If you have not reimagined Microsoft as a hardware company, it's time to get with the times, friends. "It is absolutely clear that there is an innovation opportunity on the scene between hardware and software," Ballmer said at a high-profile Churchill Club event in San Francisco late last year. "And that is a scene must not go unexploited at all by Microsoft." Ballmer is clearly not talking up the Xbox or the Kinect here. Computer hardware is what makes news in Redmond now -- specifically the Surface line of portable PCs. And after several months of tinkering with Windows 8 PCs, clearly there are durability challenges ahead for the wider PC industry. For example, the Sony Vaio Duo 11 Ultrabook ($1,200) showed up in my shop about a month ago. I've touched dozens of similar units, and I felt this one was a solid example of a multiple-purpose touch PC. For the record, once you get past the brain-lock moments with Windows 8 -- like finding the #%@$#%* Start Menu -- the Duo 11 is an impressive portable device for business and personal use. The keyboard is reasonably spacious. The screen and display are bright. I liked the convertible pop-up and pop-down screen mode. And I was impressed with add-ons such as media cards and screen adapters. There is even a nice touch-enabled pen for drawing and sketching on the touch tablet. All well and good. Ray Hartjen, senior manager of public relations at Sony, told me this generation of computers is among the best-engineered and best-tested units the company has ever made. But given all the cool features that took down the older PCs in my office -- ones that are not nearly as complex as the Duo 11 -- it was hard not to connect the dots here. Durability of all those slick new marvelously complex Windows 8 PCs will be the potential bullet in the dark looming for Windows 8. Because you can't run cool software on a computer that does not run. MicroHard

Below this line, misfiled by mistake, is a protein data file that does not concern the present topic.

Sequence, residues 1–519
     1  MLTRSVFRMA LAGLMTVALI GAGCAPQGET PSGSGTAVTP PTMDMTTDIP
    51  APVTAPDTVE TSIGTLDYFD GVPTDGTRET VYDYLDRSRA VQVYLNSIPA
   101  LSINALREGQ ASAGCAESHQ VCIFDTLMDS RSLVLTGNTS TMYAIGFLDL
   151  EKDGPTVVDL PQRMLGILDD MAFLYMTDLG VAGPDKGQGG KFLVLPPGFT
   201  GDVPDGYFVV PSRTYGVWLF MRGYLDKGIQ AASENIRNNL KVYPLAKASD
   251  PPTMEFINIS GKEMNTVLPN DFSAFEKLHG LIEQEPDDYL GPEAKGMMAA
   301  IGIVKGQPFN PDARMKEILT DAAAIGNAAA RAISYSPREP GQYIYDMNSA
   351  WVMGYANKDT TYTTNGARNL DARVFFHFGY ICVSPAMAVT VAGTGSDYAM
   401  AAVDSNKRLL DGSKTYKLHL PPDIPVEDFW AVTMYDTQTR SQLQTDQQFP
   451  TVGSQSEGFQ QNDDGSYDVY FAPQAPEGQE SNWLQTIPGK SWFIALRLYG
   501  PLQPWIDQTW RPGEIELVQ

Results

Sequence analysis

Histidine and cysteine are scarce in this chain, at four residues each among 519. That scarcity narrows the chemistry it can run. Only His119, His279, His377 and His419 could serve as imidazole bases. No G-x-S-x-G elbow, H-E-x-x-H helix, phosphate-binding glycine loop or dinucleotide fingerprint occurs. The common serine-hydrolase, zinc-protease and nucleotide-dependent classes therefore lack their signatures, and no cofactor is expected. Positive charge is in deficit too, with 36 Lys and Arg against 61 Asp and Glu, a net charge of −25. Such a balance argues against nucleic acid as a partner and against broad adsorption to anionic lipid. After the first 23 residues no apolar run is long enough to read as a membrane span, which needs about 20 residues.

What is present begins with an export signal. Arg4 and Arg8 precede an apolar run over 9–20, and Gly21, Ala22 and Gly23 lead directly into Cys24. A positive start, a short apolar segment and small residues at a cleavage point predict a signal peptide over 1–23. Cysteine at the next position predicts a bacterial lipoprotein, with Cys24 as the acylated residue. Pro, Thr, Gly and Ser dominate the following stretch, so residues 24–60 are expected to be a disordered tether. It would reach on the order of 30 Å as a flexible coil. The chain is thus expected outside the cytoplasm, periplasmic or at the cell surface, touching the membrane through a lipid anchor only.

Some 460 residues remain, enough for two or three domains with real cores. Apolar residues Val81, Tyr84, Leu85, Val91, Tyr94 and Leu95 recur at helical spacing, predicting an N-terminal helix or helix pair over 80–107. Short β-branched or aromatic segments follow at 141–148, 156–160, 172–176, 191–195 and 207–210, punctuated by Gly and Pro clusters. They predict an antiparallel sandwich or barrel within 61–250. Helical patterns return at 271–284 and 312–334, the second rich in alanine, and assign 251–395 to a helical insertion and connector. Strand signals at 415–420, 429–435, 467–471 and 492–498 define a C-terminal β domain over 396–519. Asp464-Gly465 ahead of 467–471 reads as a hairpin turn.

And suddenly, Microsoft getting control over hardware maker Dell makes sense. By digging deep into manufacturing, Microsoft extends its reach as a hardware maker and establishes a quality bar other PC makers must respect. Let's not forget, Microsoft is just another information age company slinging a information-based product that ain't worth as much as it once was. Late last month, Microsoft rolled out a subscription-based riff on Microsoft Office in which a mere $99 gets you five (count 'em) computers' worth of code for a year -- just $20 per PC. That works out to a 20-year payback over the $399 you can end up paying for a single, traditional installed license. That all makes getting in bed with Dell the biggest move this company has made since Windows 95. I've said it before and I will say it again: The sooner this operation is branded as "MicroHard" or "HardroSoft" the better.